Samsung profit slips on coronavirus, more falls forecast

Samsung profit slips on coronavirus, more falls forecast
Samsung expects weaker results in the next three months, adding that “uncertainties driven by COVID-19 will persist” into the second half. (AP)
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Updated 29 April 2020

Samsung profit slips on coronavirus, more falls forecast

Samsung profit slips on coronavirus, more falls forecast
  • Net profits in the January-to-March period were $4 billion, down 3.1 percent from a year earlier

SEOUL: The world’s biggest smartphone maker, Samsung Electronics, said Wednesday that net profits in the first quarter were only slightly impacted by the coronavirus pandemic but warned of further falls to come as demand is “significantly” hit by the disease.
It reported on Wednesday that net profits fell slightly in the first quarter as the coronavirus pandemic dampened consumer demand, but warned of further falls to come.
Net profits in the January-to-March period were $4 billion, down 3.1 percent from a year earlier, the company said in a statement.
The January-March performance was “partially due to effects of COVID-19,” Samsung said in a statement.
And it said it expects weaker results in the next three months, adding that “uncertainties driven by COVID-19 will persist” into the second half.
The firm is the flagship subsidiary of the giant Samsung Group, by far the largest of the family-controlled conglomerates known as “chaebols” that dominate business in the world’s 12th-largest economy.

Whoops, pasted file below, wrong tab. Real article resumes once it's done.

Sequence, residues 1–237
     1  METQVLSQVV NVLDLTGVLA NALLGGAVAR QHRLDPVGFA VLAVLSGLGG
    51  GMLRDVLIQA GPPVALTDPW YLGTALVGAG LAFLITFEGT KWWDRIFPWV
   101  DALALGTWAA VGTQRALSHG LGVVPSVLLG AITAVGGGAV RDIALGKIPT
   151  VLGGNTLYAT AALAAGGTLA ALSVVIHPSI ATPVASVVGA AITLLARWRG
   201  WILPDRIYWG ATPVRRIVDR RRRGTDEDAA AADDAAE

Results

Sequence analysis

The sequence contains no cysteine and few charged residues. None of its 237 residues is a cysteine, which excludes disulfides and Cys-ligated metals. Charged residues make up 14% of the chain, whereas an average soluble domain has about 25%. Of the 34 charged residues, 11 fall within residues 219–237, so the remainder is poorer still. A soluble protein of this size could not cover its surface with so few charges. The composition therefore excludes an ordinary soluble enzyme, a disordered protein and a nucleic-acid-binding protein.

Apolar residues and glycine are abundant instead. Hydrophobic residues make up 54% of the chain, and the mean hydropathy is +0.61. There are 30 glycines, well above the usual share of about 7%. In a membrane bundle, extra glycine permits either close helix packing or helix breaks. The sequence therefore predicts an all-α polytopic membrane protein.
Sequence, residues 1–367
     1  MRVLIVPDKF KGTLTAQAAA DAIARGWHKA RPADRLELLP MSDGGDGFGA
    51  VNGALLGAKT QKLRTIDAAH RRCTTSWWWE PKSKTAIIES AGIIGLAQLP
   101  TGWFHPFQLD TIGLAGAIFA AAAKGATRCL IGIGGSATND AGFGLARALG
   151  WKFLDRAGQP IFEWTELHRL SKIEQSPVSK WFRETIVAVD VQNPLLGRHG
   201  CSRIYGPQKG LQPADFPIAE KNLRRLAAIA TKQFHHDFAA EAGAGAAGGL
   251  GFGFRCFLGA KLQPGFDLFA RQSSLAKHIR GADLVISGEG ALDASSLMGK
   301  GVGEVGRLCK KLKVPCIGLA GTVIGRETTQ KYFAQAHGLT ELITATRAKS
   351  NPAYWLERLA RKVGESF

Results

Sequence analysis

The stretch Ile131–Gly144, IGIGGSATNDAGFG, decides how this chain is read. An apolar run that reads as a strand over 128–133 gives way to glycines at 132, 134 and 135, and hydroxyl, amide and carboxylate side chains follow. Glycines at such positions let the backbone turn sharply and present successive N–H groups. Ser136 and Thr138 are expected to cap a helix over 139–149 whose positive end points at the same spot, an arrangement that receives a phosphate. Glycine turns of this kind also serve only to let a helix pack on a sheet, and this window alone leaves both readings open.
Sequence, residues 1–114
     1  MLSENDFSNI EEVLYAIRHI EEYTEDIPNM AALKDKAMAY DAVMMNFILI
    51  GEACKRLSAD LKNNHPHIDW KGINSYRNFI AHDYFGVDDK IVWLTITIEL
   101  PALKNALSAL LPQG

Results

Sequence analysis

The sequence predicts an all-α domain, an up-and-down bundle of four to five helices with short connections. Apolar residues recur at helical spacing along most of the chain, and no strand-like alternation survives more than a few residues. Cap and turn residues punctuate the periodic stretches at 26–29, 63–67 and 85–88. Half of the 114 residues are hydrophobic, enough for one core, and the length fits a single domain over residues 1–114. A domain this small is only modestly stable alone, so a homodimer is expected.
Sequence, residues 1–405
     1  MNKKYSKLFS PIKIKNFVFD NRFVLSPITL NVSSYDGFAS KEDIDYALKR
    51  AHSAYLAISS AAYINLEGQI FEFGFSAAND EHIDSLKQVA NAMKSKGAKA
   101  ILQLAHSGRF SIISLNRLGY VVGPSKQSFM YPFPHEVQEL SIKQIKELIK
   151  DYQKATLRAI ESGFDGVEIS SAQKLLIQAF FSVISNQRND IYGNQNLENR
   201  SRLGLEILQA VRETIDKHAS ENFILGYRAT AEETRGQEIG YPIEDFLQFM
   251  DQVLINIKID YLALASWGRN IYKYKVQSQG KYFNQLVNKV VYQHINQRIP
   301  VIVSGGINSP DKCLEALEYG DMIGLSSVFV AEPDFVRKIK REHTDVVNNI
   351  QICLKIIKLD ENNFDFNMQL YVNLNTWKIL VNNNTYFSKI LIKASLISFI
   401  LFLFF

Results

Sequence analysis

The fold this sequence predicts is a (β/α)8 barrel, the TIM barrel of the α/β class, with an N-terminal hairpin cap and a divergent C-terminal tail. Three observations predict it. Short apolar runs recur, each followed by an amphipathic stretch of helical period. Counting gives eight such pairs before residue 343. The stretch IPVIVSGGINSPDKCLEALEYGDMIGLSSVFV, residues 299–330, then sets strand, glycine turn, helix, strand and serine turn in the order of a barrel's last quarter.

The figures come as the coronavirus pandemic wreaks havoc across the world economy — earlier this month Samsung had operations suspended at 11 overseas assembly lines — with expectations rife of a looming global recession.
In the second quarter, it warned: “Overall earnings are likely to decline from the previous quarter because COVID-19 will significantly impact demand for several of its core products.”
Memory demand “is expected to remain robust for servers and PCs as more people work from home,” it said.
But “sales and profits of set products business, including smartphones and TVs, are expected to decline significantly as COVID-19 affects demand and leads to store and plant closures globally.”
Woody Oh, a researcher at Strategy Analytics, said the first-quarter results showed only “a slight impact” from the virus outbreak, which emerged in China and spread to the US, Europe and India — Samsung’s key markets.
“But the real impact will show in the second quarter,” he said, adding almost all companies will report their worst results in April-June as the effects of the pandemic become clear.
Samsung had pinned its hopes for 2020 on a rollout of its new 5G and premium smartphones including its latest folding Galaxy Z flip phone.
“While a contraction of the global smartphone market is expected as a result of the COVID-19 outbreak, demand for 5G smartphones is forecast to grow,” DJ Koh, president of Samsung’s mobile division told the firm’s shareholder meeting last month.
Global smartphone sales dropped 14 percent year-on-year in February, according to the latest data from market researcher Counterpoint Research, although Samsung’s sales remained stable as it has limited exposure to the heavily hit Chinese market.
A report by market researcher TrendForce this month showed Samsung’s chip business may take a hit in the second half from shipment disruptions caused by virus lockdowns.